Brooks Revel review
According to one source, the Brooks Revel is “A cushioned trainer that is ready for anything from short recovery runs to long distance efforts.” (Running Warehouse) Is it ready for anything?
See the verdict below.
The Revel feels lighter
The Revel weighs 10.5 ounces, but it feels lighter on one’s feet. It feels like 9.4 ounces.
The Revel’s heel drop is an unexpected 11mm, but it does not feel like it. It feels like a 6 to 8 mm drop. After initial runs in the shoe, I would have confidently said 6mm.
Nice-looking work and play design
The Revel has a flat knit upper which is styled in the latest urban-suburban “work and play” look trend. It’s a style that draws comments and compliments if you like that sort of thing.
Secure, comfortable fit
The Revel offers a near-perfect fit. There’s room up front for one’s toes to comfortably splay, and yet the fit is nicely snug around the heel.
The best part of the fit is midfoot where Brooks uses a Midfoot Stretch Saddle for “a personalized and secure midfoot fit.” It is most definitely secure.
The Revel is based on a BioMoGo DNA biodegradable midsole that is intended to be responsive. And, surprisingly, the entire sole is made of high abrasion-resistant rubber.
The Revel’s sock liner also makes use of BioMoGo materials. The insole fits well, and while it feels soft, it’s nicely protective. (I was dealing with heel soreness issues when I began to use the Revel. Those issues faded away.)
The ride is smooth, quite smooth
One can feel a nice amount of punch in the Revel on concrete, and that responsiveness becomes downright bouncy on asphalt.
There’s quite decent forefoot flexibility due to four pronounced flex grooves, and the Revel has enough stability to meet the needs of mild to moderate pronators. While the shoe facilitates the midfoot striking runner, the heel drop is large enough for heel strikers.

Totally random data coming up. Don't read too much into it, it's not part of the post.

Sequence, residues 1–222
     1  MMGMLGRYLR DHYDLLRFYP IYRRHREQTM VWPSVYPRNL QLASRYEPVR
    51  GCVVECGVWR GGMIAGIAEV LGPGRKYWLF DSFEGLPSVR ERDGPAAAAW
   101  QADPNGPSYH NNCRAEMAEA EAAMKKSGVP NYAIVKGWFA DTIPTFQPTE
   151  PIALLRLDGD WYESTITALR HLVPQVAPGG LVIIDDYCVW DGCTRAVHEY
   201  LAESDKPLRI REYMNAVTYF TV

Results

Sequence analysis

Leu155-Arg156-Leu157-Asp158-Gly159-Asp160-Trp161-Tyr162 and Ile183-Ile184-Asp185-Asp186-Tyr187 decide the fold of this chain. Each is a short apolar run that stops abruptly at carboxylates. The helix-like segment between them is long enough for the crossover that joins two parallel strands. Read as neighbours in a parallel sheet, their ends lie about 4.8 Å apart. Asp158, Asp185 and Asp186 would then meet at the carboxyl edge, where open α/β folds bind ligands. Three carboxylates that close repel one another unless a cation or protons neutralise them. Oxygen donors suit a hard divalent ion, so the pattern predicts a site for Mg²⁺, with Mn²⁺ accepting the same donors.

What’s a bit of a shock about the Revel’s forefoot is that there’s hard rubber up there; in fact, it feels firmer than the rubber in the rear of the sole that provides for a soft heel landing.
In the Revel, one is not restricted to either running close to the ground or to lifting the feet high up. The Revel is happy to facilitate either running style.
Because both the Launch share a bargain price point, for $200 a runner can build a two-shoe rotation.
The Revel can be used on standard training days, and the Launch – which is lighter and more neutral, can be used on short race days or for fast tempo sessions. Both models are quite durable for trainers.
The runner who needs a mild stability racing shoe and/or speed trainer can add the Asteria from Brooks, while the runner needing a protective recovery day and long run shoe can add the excellent Glycerin 15.
The next step
As I put in miles in the Revel trainer, it struck me that by the time the Revel 3 is released, Brooks might want to consider releasing a cousin of the shoe. How about the Revel Racer?
A racing flat version of the Revel would be lighter, might contain a midfoot shank in the sole for some stability, would be firmer in the midfoot/forefoot for quicker step-offs and would – best of all – be loaded with glorious blown rubber in the forefoot.
(Such a racing version of the Revel might cost more rather than less, but such is life.)
OK, Brooks at least think about it.
Tip: see the best running shoes.